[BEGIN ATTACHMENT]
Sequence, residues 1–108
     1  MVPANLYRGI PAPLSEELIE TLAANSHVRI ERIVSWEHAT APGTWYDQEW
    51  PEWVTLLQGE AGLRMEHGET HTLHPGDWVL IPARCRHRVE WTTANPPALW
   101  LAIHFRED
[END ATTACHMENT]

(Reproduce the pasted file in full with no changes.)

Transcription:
Sequence, residues 1–108
     1  MVPANLYRGI PAPLSEELIE TLAANSHVRI ERIVSWEHAT APGTWYDQEW
    51  PEWVTLLQGE AGLRMEHGET HTLHPGDWVL IPARCRHRVE WTTANPPALW
   101  LAIHFRED